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October 2010

October - Bards



  • Behind the Art:
    Bard of a Different Feather
  • Artist Spotlight:
    Interview with Bernice Gordon
  • EMG News:
    News for October
  • Wombat Droppings:
    Break Out the Colored Pencils
  • Ask an Artist:


  • Busking in Cyberland Part One: A Personal Retrospective
  • The Bard's Pocket-book
  • Bardic Instruments


  • Fiction: The Sad King
  • Fiction: Redemption

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  • Redemption
    by Megan O'Shea

    Elliot of Wilshire's morning had begun poorly enough; he'd woken late for his vocal lessons, had stubbed his toe on the way to the washbasin, and discovered he'd forgotten one of his fancier tunics in Ulhare. As he'd hurried to his master's bedroom to rap on the door, preparing profuse apologies for why he'd slept in, he hadn't thought that the day could get any worse.

    He'd been wrong.

    Now he coughed, eyes watering, as some of the acrid tavern smoke invaded his lungs.

    The Tipsy Pony was a Spartan place, cheap food, watery ale, and harried barmaids to serve it all to patrons who seemed to rise from the gutters themselves each dawn. The man across from Elliot had had more than his share of all three in his time and smelled of it..

    "I almost got you beat, kid." Stert of Glenmire's mouthful of rotten teeth was a putrid sight. Elliot felt his stomach churn in disgusted irritation. "You told me when you walked in here that your daddy was a master with the Kilteran cards and he taught you all he knew. I think you lied." Grimy fingers played over the last card the fellow held. If that went down on the table to join the pile, the game was over. A grim tear of sweat ran warm down the back of Elliot's neck. There were three cards left in his hand and he needed to find a way to get rid of all three in order to win.

    His eyes drifted up to the middle of the wooden table. Three glass spheres, the only light in the place, sat emitting a soft, magical glow. The one in the middle was full, its shine crimson against the white of the other two.

    "I wasn't lying." Elliot spoke with a confidence he didn't feel. He wished Liall was here himself to hear the way Stert's voice was changing. In the span of an hour alone, Elliot could begin to hear subtle differences, the way the syllables the oaf spoke were getting gentler, lilting, musical. It would take time for the won ability to transfer from the sphere to Stert, but its affects were already manifesting. He was sounding more and more like the master bard with each passing minute and if Elliot went back empty-handed, would permanently.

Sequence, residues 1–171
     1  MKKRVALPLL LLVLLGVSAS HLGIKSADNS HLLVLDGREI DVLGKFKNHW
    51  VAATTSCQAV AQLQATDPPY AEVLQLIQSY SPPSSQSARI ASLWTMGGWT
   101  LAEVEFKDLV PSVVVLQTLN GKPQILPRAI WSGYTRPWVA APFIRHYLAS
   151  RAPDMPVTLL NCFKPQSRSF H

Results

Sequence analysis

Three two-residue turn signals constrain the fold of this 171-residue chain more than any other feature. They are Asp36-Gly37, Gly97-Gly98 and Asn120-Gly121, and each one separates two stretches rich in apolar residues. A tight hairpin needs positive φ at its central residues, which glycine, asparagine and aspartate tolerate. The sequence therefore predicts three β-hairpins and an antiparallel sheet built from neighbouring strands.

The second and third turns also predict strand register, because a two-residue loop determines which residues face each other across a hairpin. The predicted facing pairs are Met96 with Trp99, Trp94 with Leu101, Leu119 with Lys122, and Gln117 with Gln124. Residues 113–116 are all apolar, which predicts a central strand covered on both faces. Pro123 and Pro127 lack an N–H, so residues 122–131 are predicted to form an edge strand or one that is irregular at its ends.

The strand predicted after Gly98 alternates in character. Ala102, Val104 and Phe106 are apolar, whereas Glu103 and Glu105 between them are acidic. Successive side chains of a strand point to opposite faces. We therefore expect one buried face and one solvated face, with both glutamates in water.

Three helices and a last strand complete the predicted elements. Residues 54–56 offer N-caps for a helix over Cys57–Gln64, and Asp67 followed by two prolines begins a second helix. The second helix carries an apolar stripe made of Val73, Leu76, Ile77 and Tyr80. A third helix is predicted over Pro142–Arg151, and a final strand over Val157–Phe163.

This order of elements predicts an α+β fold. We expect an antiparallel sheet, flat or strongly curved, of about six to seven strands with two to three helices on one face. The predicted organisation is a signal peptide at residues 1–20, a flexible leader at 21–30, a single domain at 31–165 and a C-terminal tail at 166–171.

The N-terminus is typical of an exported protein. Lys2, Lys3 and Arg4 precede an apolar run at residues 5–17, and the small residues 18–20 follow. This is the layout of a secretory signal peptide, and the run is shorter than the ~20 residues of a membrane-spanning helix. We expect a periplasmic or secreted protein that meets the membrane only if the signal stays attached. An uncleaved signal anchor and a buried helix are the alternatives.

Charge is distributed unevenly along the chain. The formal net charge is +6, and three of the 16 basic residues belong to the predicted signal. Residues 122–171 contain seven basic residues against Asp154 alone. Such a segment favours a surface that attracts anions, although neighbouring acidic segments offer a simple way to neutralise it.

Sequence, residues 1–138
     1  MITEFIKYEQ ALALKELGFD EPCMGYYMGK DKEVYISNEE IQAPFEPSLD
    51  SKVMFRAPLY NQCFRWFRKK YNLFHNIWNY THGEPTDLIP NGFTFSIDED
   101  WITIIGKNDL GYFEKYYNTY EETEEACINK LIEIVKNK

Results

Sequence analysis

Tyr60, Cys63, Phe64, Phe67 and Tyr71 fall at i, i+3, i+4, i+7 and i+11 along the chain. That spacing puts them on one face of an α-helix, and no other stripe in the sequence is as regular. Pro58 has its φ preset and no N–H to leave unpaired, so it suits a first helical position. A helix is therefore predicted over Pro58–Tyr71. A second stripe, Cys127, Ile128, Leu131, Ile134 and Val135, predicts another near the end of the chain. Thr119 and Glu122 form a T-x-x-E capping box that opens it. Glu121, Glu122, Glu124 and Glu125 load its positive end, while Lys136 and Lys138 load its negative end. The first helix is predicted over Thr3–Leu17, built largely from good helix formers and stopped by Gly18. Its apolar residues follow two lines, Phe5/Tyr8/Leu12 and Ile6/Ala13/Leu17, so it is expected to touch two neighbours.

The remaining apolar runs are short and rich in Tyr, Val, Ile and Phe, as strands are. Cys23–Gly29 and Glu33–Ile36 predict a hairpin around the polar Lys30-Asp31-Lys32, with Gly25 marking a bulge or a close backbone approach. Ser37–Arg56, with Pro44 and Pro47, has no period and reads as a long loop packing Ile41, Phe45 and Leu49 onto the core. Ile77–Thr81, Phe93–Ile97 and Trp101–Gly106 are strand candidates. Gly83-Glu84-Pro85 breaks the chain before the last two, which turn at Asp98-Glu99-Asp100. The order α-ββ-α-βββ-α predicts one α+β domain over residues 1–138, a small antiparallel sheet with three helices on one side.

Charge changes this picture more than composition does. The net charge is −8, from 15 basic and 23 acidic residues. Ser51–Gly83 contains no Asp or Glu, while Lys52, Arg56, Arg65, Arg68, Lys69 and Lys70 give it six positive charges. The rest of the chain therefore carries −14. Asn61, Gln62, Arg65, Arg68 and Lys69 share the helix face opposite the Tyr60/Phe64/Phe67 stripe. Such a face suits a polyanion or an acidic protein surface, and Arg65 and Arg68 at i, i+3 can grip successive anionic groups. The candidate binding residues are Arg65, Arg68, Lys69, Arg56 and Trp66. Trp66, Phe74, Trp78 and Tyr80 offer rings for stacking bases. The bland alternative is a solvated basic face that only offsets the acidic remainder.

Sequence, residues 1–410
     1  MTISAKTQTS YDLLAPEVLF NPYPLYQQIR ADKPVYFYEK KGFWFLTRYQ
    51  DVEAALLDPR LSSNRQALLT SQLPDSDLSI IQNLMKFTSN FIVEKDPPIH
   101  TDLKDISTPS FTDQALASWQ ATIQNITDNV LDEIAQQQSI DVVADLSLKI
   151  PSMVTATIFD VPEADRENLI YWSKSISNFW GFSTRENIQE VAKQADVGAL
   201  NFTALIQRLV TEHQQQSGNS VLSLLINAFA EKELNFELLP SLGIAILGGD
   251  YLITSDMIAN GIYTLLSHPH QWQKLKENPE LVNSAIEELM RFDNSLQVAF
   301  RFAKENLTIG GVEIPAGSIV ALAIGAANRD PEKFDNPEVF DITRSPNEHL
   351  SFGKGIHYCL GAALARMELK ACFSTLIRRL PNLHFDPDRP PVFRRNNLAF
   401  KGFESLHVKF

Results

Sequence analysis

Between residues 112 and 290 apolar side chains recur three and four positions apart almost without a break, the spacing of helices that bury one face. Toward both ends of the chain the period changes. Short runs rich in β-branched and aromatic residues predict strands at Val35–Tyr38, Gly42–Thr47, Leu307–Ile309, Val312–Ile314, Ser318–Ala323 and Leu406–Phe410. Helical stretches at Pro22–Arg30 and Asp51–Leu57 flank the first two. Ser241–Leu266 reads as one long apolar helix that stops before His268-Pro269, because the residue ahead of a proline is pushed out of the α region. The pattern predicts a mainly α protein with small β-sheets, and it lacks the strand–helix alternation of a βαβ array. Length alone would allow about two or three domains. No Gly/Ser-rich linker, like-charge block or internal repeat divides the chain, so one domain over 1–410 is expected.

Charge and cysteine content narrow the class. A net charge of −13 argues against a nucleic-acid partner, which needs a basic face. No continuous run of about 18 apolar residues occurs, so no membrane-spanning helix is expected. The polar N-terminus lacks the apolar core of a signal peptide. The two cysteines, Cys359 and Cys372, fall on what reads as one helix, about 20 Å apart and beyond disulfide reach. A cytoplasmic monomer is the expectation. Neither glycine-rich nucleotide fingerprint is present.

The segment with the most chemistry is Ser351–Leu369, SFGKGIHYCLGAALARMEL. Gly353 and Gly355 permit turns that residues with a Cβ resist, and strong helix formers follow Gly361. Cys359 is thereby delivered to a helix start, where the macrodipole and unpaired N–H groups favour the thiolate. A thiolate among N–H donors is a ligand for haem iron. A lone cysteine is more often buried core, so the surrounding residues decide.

"You're as stupid as that dandy that walked in here last night," Stert asserted. His grin got wider. "Coming in here drunk already, then challenging me. I'm gonna enjoy having a golden throat, that's for sure. The ladies will, too. Soon I'm gonna be movin' up in the world. Shame about that performance y'all was supposed to give tonight at the inn." He tapped his last card with a black fingernail. "Maybe I'll do you a favor and get up there to do it myself."

    The boy scowled even as his stomach gave another twist. This was the first performance he and Liall had been able to secure in months. Their coin-purses were dangerously light already and they'd been barely able to pay for the room they were staying at now. Elliot pushed hair out of his eyes, holding back a frustrated sound.

    His master had been in no condition to tell him why he'd gotten drunk, challenged this man, and then bet his ability to sing in a magical game. It had been difficult to get a straight answer while the musician had been leaning over the washroom basin. Whatever replies Elliot had managed to get were sick croaks and moans, laments that were lost above pleas to fetch him water right before Liall had passed out.

    Stert reached a paw across the table and picked up a card. Squinting at it in the murky light, he gave a bark of triumph and returned it to the discarded portion of the deck. "Looks like another match for me," he announced. He raised his eyebrows at Elliot. "You tryin' to throw this game?"

    "No." The number of icy worms in his belly was multiplying. He'd grown up playing these sorts of games for fun, but he hadn't wanted to make bets with them, take them seriously, and now here he was with so much depending on this outcome. He shut his eyes and feeble candlelight beat across his closed lids.

    "I suppose you'll need to take him, then." His mother's voice as she'd stood with Liall in their sitting room was resigned. "There's nothing else he's suited for -- no head for scholar's sums and reading, no brawn to be a soldier. He doesn't have the conviction to be like William. A bard's apprenticeship is the only thing I could think of that may afford him anything like a decent living."